Tracking the Links to Social Functioning: Asperger Syndrome and Gaze Patterns

Mary Hanley, Gerry Mulhern

Research output: Chapter in Book/Report/Conference proceedingConference contribution


The application of Eye Tracking (ET) to the study of social functioning in Asperger Syndrome (AS) provides a unique perspective into social attention and cognition in this atypical neurodevelopmental group. Research in this area has shown how ET can capture social attention atypicalities within this group, such as diminished fixations to the eye region when viewing still images and movie clips; increased fixation to the mouth region; reduced face gaze. Issues exist, however, within the literature, where the type (static/dynamic) and the content (ecological validity) of stimuli used appear to affect the nature of the gaze patterns reported. Objectives: Our research aims were: using the same group of adolescents with AS, to compare their viewing patterns to age and IQ matched typically developing (TD) adolescents using stimuli considered to represent a hierarchy of ecological validity, building from static facial images; through a non-verbal movie clip; through verbal footage from real-life conversation; to eye tracking during real-life conversation. Methods: Eleven participants with AS were compared to 11 TD adolescents, matched for age and IQ. In Study 1, participants were shown 2 sets of static facial images (emotion faces, still images taken from the dynamic clips). In Study 2, three dynamic clips were presented (1 non-verbal movie clip, 2 verbal footage from real-life conversation). Study 3 was an exploratory study of eye tracking during a real-life conversation. Eye movements were recorded via a HiSpeeed (240Hz) SMI eye tracker fitted with chin and forehead rests. Various methods of analysis were used, including a paradigm for temporal analysis of the eye movement data. Results: Results from these studies confirmed that the atypical nature of social attention in AS was successfully captured by this paradigm. While results differed across stimulus sets,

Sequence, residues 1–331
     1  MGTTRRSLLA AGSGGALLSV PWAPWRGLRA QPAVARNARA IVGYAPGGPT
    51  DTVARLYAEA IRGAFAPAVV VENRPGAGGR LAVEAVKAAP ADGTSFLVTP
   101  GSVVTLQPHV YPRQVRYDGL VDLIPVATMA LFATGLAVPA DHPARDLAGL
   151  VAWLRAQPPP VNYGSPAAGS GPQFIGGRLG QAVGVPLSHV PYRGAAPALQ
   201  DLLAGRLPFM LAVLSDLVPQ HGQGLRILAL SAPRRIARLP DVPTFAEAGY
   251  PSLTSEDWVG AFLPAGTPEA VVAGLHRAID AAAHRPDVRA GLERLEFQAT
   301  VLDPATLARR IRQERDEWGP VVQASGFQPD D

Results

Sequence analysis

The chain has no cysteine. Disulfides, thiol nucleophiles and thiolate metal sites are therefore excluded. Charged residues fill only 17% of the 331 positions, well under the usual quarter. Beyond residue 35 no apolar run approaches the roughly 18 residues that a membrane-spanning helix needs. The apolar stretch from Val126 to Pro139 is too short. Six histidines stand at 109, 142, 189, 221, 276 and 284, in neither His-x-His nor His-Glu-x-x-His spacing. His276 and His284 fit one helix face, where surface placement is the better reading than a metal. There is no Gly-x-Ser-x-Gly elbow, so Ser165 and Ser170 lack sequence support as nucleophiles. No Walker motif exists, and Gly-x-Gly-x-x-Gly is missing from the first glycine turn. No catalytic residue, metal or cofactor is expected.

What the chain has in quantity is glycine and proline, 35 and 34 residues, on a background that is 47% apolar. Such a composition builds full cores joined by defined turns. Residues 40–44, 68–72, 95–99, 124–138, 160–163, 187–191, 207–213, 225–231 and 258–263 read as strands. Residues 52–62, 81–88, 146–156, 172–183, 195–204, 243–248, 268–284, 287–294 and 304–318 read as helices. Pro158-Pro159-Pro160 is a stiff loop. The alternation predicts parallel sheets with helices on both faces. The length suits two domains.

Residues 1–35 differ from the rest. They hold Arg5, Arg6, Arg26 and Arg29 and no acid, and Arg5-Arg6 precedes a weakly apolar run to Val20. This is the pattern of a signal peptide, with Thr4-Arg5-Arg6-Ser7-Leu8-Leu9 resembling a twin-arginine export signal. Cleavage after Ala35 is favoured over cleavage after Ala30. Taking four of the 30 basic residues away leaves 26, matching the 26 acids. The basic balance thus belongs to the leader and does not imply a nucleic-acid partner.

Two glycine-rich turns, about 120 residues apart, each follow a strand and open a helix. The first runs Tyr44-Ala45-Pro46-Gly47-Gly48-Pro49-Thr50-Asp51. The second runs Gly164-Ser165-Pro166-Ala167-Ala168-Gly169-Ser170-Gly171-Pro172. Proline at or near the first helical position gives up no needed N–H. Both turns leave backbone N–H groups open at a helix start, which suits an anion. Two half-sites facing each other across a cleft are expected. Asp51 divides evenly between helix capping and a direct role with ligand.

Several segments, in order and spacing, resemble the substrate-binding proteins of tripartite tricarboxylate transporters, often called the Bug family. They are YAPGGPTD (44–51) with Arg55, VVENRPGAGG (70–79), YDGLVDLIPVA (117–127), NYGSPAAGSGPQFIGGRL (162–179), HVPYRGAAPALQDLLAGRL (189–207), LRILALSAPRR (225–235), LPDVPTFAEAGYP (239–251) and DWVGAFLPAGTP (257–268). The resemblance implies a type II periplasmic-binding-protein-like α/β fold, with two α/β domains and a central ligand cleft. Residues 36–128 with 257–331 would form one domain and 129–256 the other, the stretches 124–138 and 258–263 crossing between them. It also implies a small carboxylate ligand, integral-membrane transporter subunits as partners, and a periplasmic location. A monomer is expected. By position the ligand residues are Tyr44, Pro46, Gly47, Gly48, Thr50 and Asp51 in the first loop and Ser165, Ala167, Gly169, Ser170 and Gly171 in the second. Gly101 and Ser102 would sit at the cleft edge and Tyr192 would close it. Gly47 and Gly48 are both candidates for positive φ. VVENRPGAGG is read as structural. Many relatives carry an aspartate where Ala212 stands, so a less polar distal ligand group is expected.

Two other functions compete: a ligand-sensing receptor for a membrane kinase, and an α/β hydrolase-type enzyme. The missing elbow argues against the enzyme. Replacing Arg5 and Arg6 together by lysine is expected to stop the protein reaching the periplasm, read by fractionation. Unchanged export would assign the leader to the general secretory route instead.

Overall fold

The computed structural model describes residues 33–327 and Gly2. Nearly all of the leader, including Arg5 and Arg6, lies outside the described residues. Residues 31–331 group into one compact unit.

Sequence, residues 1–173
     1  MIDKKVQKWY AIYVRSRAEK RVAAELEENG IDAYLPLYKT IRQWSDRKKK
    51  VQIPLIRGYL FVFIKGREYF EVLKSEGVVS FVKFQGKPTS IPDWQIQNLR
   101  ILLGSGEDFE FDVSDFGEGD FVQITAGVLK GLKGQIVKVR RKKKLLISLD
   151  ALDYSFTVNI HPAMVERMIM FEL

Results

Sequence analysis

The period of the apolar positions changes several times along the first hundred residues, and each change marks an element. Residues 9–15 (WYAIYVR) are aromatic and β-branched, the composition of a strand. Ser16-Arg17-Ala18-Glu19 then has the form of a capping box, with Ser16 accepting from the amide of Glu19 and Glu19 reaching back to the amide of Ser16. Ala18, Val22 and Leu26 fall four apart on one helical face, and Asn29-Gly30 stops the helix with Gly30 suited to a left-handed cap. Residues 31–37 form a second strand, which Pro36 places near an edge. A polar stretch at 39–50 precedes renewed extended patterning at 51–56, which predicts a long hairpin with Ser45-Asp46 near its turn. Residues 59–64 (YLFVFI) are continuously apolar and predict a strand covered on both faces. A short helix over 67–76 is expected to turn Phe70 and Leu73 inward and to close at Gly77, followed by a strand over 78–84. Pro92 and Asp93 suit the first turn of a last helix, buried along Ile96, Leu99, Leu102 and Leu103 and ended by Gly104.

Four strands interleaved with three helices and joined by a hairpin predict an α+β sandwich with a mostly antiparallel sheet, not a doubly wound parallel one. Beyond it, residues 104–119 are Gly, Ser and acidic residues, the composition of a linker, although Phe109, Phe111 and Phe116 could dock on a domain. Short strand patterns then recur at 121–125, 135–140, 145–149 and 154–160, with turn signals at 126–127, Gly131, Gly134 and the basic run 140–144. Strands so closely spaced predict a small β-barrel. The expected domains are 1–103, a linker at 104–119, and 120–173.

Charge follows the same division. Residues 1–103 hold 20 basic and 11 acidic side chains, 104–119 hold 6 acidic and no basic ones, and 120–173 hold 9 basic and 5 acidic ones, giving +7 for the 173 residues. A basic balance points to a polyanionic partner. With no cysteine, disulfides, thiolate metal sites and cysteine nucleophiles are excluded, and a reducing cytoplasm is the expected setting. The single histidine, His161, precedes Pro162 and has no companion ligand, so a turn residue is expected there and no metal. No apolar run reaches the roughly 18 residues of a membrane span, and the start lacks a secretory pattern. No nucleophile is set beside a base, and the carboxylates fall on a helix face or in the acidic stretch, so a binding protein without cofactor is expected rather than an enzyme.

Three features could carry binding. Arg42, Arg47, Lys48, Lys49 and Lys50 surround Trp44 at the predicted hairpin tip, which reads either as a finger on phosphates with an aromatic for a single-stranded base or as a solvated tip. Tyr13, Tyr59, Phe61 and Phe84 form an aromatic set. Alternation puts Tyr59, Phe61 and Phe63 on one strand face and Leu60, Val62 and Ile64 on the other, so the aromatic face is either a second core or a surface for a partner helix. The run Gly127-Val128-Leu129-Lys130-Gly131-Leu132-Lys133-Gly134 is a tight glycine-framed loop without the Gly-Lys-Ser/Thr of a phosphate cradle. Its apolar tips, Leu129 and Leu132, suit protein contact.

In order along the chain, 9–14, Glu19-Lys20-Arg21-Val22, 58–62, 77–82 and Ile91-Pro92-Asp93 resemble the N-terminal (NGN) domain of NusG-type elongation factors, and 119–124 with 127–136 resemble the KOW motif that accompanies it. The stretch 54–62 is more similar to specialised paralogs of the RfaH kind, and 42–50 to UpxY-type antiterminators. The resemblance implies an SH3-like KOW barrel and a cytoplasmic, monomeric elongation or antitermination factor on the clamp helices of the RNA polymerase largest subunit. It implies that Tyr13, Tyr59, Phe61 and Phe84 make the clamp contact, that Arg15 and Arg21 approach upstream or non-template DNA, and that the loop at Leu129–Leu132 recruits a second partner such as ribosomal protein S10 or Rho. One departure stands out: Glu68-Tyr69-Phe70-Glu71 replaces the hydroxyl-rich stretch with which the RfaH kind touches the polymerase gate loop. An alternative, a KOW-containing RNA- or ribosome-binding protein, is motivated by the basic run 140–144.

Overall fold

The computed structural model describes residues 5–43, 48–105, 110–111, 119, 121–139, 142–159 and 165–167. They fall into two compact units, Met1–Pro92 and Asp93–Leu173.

collectively they demonstrated how individuals with AS failed to focus on the most socially relevant aspects of the various stimuli presented. There was also evidence that the eye movements of the AS group were atypically affected by the presence of motion and verbal information. Discriminant Function Analysis demonstrated that the ecological validity of stimuli was an important factor in identifying atypicalities associated with AS, with more accurate classifications of AS and TD groups occurring for more naturalistic stimuli (dynamic rather than static). Graphical analysis of temporal sequences of eye movements revealed the atypical manner in which AS participants followed interactions within the dynamic stimuli. Taken together with data on the order of gaze patterns, more subtle atypicalities were detected in the gaze behaviour of AS individuals towards more socially pertinent regions of the dynamic stimuli. Conclusions: These results have potentially important implications for our understanding of deficits in Asperger Syndrome, as they show that, with more naturalistic stimuli, subtle differences in social attention can be detected that
Original languageEnglish
Title of host publicationProceedings of the Biennial Meeting of the Society for Research in Child Development, Denver, CO
Publication statusPublished - 2009

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